U.S. Supreme Court wrestles with controversial matters as new term begins

The Supreme Court is back in session and some big topics are up for debate.

By Emily Faith Grodin, Staff Writer

Justices will deal with extensive topics during this upcoming year. (Graphic Illustration by Matthew Royer/The Valley Star)

With the U.S. Supreme Court reconvening after its summer recess, the justices will have heavy topics to weigh in the new term.


The two most explosive topics the court will tackle are abortion and gun control. With the current justices there exists an uneven ideological split; six have been picked by Republican presidents and three have been chosen by Democrats.


After decades of debate, abortion continues to be on the docket in the Supreme Court. On Sept. 1, the Supreme Court allowed a law to take effect in Texas that would ban women from having an abortion after a fetal heartbeat is detected, which could be as early as six weeks of pregnancy according to the Texas Tribune. The law took effect after a 5-4 vote with dissenting opinions from Justices Sonia Sotomayer, Elena Kagan, Stephen Breyer, and John Roberts. Effectively banning abortions, the law provides citizens the power to sue any person who helps to facilitate an abortion.


Sherman Oaks Attorney Jodi Bynder, feels strongly about the restrictions.


“There are so many problems with the Texas law,” said Bynder. ”From the six week marker, to the reward, to the fact one can have no relation to the pregnant women and still be a whistleblower—I don’t know where to even start… Even more frightening are the number of states anxiously wanting to follow suit.”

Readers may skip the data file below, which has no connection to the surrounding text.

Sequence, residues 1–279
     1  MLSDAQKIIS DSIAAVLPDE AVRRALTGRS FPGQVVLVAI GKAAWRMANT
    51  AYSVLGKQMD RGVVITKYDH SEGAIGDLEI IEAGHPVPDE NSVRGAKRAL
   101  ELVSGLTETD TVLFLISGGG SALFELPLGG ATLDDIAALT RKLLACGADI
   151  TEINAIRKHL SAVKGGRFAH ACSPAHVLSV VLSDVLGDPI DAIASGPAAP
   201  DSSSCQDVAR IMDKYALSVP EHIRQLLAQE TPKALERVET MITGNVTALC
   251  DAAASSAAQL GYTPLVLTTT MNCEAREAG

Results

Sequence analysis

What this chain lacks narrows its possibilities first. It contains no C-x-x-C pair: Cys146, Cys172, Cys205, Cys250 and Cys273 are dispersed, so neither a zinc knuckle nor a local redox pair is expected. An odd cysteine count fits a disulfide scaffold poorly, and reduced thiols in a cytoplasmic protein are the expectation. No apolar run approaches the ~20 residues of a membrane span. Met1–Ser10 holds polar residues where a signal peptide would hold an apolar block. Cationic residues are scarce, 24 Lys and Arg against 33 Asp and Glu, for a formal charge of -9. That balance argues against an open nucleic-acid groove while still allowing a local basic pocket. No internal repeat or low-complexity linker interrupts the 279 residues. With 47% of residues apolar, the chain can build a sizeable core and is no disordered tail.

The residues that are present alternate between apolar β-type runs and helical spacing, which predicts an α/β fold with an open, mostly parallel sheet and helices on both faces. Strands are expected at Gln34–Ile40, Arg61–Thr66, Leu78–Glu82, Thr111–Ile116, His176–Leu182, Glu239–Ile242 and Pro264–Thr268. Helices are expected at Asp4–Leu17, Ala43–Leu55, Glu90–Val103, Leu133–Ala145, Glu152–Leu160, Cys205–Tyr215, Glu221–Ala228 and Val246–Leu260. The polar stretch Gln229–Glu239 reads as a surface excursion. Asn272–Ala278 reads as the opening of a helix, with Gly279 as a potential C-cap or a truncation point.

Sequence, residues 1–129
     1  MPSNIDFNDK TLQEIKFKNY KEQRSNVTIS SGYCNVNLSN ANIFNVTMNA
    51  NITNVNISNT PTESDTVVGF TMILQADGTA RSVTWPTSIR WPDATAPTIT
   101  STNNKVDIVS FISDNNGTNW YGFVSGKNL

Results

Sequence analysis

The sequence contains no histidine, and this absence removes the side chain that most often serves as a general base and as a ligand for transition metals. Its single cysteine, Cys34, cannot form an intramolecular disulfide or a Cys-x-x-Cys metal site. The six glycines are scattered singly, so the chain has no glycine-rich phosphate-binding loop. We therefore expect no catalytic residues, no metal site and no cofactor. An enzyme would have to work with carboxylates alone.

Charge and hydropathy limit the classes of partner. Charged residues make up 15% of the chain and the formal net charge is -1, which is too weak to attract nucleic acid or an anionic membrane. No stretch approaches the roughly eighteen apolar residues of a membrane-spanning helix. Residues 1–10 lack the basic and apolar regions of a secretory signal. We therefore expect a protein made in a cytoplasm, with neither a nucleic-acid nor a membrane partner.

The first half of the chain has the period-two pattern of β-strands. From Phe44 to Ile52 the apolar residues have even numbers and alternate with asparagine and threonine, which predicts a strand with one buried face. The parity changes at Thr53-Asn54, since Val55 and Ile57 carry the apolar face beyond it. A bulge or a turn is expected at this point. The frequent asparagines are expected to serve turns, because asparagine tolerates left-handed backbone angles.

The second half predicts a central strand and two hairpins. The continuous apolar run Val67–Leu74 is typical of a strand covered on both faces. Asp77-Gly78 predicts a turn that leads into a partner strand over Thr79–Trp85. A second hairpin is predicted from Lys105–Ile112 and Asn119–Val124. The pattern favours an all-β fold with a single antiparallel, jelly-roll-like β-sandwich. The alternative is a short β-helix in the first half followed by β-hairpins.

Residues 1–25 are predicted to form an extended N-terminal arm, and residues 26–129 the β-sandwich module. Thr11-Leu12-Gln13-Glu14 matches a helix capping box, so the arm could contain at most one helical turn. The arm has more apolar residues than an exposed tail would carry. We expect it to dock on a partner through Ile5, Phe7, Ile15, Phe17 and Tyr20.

Another debate to come before the Supreme Court are arguments surrounding the Second Amendment. One New York case could be responsible for changing the way gun restrictions are thought of in the future.


New York implements some of the toughest gun restrictions in the country. These laws led Gun owners Robert Nash and Brandon Koch to take action when they were unable to obtain unrestricted concealed carry permits, connecting with the NRA in hopes of a lawsuit. In New York State Rifle & Pistol Association v. Bruen, the plaintiffs contend the restriction to carry a concealed handgun infringes upon their right to bear arms. The Supreme Court will rule on this in 2022 with this New York case setting the stage on the matter for the nation as a whole.


English Major Stephanie Lewis feels regulations should be made stricter, not looser.


“I am pretty comfortable with California gun regulations,” said Lewis, “which some say are the strictest in the United States. Maybe they should be made stronger.”


With other cases on the court’s docket relating to religious liberty, affirmative action and the death penalty, many eyes will be on the Supreme Court in the coming year.